In 1948, the Homestead Grays were no longer the team it had been since the late 1930s. The team’s owner Cum Posey died of lung cancer in 1946 and Josh Gibson, considered the greatest home run slugger in Negro League history, died in 1947. Also gone were team stalwarts Raymond Brown, Roy Partlow, Jerry Benjamin, “Cool Papa’ Bell, and Jud Wilson. However, Buck Leonard and pitcher Wilmer Fields along with future Major Leaguers Luke Easter (1949) and Bob Thurman (1955) led the Grays to capture the NNL pennant. The team defeated the Birmingham Black Barons four games to one in the 1948 Negro League World Series. In Game Three, the only one won by Birmingham, the Grays’ Leonard was thrown out at second base trying to stretch a single into a double by the Black Barons’ 17-year old center fielder; future Baseball Hall of Famer Willie Mays. It would be the third time the Grays would win a World Series championship against the Black Barons, also in 1943 and 1944.
Although Jackie Robinson erased the “invisible color line” in 1947, racial integration in the Major Leagues went at a slow pace. However, African-American baseball fans looked at the racial competition in Major League games as social progress and quickly began to lose interest in Negro League baseball. Game attendance in the Negro Leagues dropped to financially dangerous levels for many teams and the economic stability of Negro League baseball began crumbling; never to recover. After the 1948 season, the NNL disbanded with the few remaining teams absorbed by the NAL which limped on until the end of Negro League baseball in the early 1960s.
The end of Negro League baseball’s economic stability put a permanent end to the Negro League World Series. The Homestead Grays, one of the most renowned Negro League franchises, played in four of these fall classics during Negro League baseball’s most profitable years, 1942 – 1945; winning two. It is only fitting that in 1948 the team won the last Negro League World Series championship.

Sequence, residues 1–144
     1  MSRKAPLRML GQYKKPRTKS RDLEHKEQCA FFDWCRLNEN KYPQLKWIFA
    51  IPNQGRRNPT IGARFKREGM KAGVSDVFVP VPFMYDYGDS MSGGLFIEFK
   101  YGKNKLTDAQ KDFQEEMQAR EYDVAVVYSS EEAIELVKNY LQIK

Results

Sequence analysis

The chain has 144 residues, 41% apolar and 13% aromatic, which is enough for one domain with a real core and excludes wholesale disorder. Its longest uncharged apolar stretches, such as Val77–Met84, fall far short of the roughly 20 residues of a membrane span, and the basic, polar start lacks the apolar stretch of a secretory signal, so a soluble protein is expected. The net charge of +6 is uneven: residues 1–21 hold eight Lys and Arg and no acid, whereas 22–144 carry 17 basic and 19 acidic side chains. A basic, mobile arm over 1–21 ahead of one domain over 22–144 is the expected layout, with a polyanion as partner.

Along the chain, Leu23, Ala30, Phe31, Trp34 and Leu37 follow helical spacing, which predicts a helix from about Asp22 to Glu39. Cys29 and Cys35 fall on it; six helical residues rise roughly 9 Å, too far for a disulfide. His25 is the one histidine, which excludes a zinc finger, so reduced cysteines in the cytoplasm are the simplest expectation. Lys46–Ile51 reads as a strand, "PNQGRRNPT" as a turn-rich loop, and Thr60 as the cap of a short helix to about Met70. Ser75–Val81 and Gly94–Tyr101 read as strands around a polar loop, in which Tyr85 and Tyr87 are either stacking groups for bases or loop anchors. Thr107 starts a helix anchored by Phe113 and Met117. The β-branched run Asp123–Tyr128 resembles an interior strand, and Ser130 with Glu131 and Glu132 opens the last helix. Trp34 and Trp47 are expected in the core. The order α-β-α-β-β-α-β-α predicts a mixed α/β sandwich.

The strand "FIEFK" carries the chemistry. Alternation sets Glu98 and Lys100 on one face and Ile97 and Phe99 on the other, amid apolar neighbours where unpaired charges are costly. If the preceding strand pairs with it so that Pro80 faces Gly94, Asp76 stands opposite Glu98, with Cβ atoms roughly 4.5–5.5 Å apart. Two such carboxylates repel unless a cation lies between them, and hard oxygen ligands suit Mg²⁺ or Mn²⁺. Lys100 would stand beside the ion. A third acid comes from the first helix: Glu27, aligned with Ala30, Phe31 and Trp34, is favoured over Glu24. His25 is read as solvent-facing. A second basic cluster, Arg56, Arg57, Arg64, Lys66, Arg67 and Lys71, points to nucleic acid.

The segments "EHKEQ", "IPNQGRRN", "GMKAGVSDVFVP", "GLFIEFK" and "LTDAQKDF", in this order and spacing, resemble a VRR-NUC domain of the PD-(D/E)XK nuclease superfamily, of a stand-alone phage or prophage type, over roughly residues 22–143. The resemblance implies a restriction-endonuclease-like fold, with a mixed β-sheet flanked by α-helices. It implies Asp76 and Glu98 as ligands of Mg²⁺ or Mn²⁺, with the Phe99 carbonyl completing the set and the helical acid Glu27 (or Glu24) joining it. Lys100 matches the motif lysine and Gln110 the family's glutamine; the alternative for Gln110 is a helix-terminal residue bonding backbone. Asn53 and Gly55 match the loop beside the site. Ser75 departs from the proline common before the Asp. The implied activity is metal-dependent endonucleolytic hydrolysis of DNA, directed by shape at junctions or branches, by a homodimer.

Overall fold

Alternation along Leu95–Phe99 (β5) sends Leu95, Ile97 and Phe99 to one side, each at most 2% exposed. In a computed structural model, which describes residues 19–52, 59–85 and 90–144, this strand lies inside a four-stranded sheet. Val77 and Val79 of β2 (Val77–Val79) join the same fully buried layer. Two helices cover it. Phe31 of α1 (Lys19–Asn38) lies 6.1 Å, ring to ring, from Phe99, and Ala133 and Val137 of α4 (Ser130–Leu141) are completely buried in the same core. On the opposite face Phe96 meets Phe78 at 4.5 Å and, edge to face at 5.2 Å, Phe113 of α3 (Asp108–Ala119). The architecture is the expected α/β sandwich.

The Houston Astros have been crowned World Series champions bringing to an end the 2017 Major League baseball season. Now begins the “hot stove league”, the name often referred to the baseball off-season, even though winter does not officially start until December 21. Baseball fans will be waiting to see what changes will be made by their favorite team for improvement in 2018 season. Especially those fans of the New York Yankees, Chicago Cubs, and Los Angeles Dodgers; teams that made a good run in 2017 but fell short. With the Astros being young and loaded, it will be an uphill climb for the other teams. But this post is not my prediction about the 2018 Major League season. It is the third segment about baseball history’s forgotten fall classic; the Negro League World Series.
After the United States in 1941 became involved in World War II, President Franklin D. Roosevelt approved the continuing operation of both Major League and Negro League baseball for the purpose of maintaining high morale in the country. The military took such Major League stars as Bob Feller, Ted Williams, Joe DiMaggio, and Hank Greenberg while Negro League players Monte Irvin, Willard Brown, Leon Day, Larry Doby, and others served also during the War. There were; however, Negro League stalwarts considered to old (over 30 years old) or with physical exemptions from military service. This included players such as “Satchel” Paige, Josh Gibson, Buck Leonard, “Cool Papa” Bell, and others.